- Easier travel charging: Can be conveniently charged via its USB port.
- Easier device pairing: Supports NFC for fast wireless image transfer over short distances.
- Easier wireless transfer: Supports Bluetooth for image sharing without cables.
- Faster buffer clearing: Has an SD card interface that supports the UHS-I standard.
- More modern: Reflects 4 years and 7 months of technical progress since the Stylus 1 launch.
If the count of individual advantages (bullet points above) is taken as a guide, the RX100 VI is the clear winner of the contest (22 : 7 points). However, the relative importance of the various individual camera aspects will vary according to personal preferences and needs, so that you might like to apply corresponding weights to the particular features before making a decision on a new camera. A professional sports photographer will view the differences between cameras in a way that diverges from the perspective of a street photog, and a person interested in family portraits has distinct needs from a landscape shooter. Hence, the decision which camera is best and worth buying is often a very personal one.
How about other alternatives? Do the specifications of the Olympus Stylus 1 and the Sony RX100 VI place the cameras among the top in their class? Find out in the latest Best Superzoom Camera and Best Travel-Zoom Camera listings whether the two cameras rank among the cream of the crop.
In any case, while the comparison of technical specifications can provide a useful overview of the capabilities of different cameras, it says little about, for example, the shooting experience and imaging performance of the Stylus 1 and the RX100 VI in practical situations. At times, user reviews, such as those published at amazon, address these issues in a useful manner, but such feedback is on many occasions incomplete, inconsistent, and unreliable.
This is why expert reviews are important. The adjacent summary-table relays the overall verdicts of several of the most popular camera review sites (amateurphotographer [AP], cameralabs [CL], digitalcameraworld [DCW], dpreview [DPR], ephotozine [EPZ], photographyblog [PB]). As can be seen, the professional reviewers agree in many cases on the quality of different cameras, but sometimes their assessments diverge, reinforcing the earlier point that a camera decision is often a very personal choice.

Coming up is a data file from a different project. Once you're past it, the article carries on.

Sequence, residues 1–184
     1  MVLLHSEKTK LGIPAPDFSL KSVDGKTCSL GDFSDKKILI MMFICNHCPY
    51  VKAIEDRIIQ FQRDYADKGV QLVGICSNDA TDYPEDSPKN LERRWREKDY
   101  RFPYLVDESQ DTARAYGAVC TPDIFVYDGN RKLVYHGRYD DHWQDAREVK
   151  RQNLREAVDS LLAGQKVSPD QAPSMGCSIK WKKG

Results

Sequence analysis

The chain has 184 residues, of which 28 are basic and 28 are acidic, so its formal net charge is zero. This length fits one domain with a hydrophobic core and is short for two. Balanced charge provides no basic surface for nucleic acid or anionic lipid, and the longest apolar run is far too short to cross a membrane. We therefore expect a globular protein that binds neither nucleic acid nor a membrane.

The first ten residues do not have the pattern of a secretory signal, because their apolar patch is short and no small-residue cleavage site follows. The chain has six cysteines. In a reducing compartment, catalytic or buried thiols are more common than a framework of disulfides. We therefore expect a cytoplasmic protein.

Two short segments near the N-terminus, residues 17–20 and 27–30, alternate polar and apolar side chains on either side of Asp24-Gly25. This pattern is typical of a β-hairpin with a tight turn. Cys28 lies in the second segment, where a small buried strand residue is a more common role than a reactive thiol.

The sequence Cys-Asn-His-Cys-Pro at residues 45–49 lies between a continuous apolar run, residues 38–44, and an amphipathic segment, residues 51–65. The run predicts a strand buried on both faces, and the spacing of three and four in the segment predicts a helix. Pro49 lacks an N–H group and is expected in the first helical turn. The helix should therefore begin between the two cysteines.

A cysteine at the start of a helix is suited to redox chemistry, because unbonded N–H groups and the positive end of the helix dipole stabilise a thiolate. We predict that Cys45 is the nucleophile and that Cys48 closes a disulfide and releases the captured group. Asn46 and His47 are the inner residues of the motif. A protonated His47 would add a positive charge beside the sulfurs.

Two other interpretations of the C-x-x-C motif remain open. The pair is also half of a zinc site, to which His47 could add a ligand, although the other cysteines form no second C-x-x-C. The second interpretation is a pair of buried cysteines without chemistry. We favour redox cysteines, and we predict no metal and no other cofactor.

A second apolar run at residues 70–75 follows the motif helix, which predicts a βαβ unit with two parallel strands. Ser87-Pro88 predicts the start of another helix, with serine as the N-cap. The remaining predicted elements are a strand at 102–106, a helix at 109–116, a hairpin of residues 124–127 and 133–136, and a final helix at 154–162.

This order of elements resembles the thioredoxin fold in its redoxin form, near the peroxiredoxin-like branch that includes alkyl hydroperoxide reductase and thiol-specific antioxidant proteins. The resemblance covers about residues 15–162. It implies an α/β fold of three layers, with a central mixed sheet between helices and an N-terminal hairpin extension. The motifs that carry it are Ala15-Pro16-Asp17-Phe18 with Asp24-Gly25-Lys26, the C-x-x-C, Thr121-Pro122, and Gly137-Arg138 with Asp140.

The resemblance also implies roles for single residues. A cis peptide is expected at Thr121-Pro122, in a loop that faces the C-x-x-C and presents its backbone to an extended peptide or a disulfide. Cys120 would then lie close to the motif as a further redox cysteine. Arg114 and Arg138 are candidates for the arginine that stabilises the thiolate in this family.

|1.||Olympus Stylus 1||..||+ +||..||..||4.5/5||4.5/5||Oct 2013||699||ebay.com|
|2.||Sony RX100 VI||4.5/5||+ +||..||83/100||4/5||4.5/5||Jun 2018||1,199||ebay.com|
|3.||Canon G1 X Mark II||3/5||+||..||77/100||4/5||4.5/5||Feb 2014||799||ebay.com|
|4.||Canon G16||4/5||+||..||..||4.5/5||4.5/5||Aug 2013||549||ebay.com|
|5.||Canon G1 X||5/5||+||..||76/100||4/5||4.5/5||Jan 2012||799||ebay.com|
|6.||Fujifilm X30||4/5||..||..||76/100||4.5/5||4.5/5||Aug 2014||599||ebay.com|
|7.||Fujifilm X20||4/5||+ +||..||77/100||4.5/5||5/5||Jan 2013||599||ebay.com|
|8.||Nikon P7800||3/5||..||..||..||4/5||4.5/5||Sep 2013||549||ebay.com|
|9.||Olympus Stylus 1s||..||..||..||..||..||..||Apr 2015||699||ebay.com|
|10.||Olympus XZ-2||4/5||+||..||..||4.5/5||4.5/5||Sep 2012||599||ebay.com|
|11.||Panasonic LF1||3/5||+||..||..||4/5||4.5/5||Apr 2013||499||ebay.com|
|12.||Pentax MX-1||3/5||..||..||74/100||4/5||4/5||Jan 2013||499||ebay.com|
|13.||Sony RX100 VII||4.5/5||..||4/5||..||4/5||5/5||Jul 2019||1,199||amazon.com|
|14.||Sony RX100 V||4.5/5||+ +||..||83/100||4/5||4.5/5||Oct 2016||999||ebay.com|
|15.||Sony RX100 IV||4.5/5||+ +||..||85/100||4/5||4.5/5||Jun 2015||999||ebay.com|
|16.||Sony RX100 III||5/5||+ +||..||82/100||4.5/5||5/5||May 2014||799||ebay.com|
|17.||Sony RX100 II||5/5||+ +||..||79/100||4.5/5||4.5/5||Jun 2013||749||ebay.com|
|Notes: (+ +) highly recommended; (+) recommended; (o) reviewed; (..) not available.|
The review scores listed above should be treated with care, though. The ratings were established in reference to similarly priced cameras that were available in the market at the time of the review. Thus, a score needs to be put into the context of the launch date and the launch price of the camera, and comparisons of ratings among very different cameras or across long time periods have little meaning. It should also be noted that some of the review sites have over time altered the way they render their verdicts.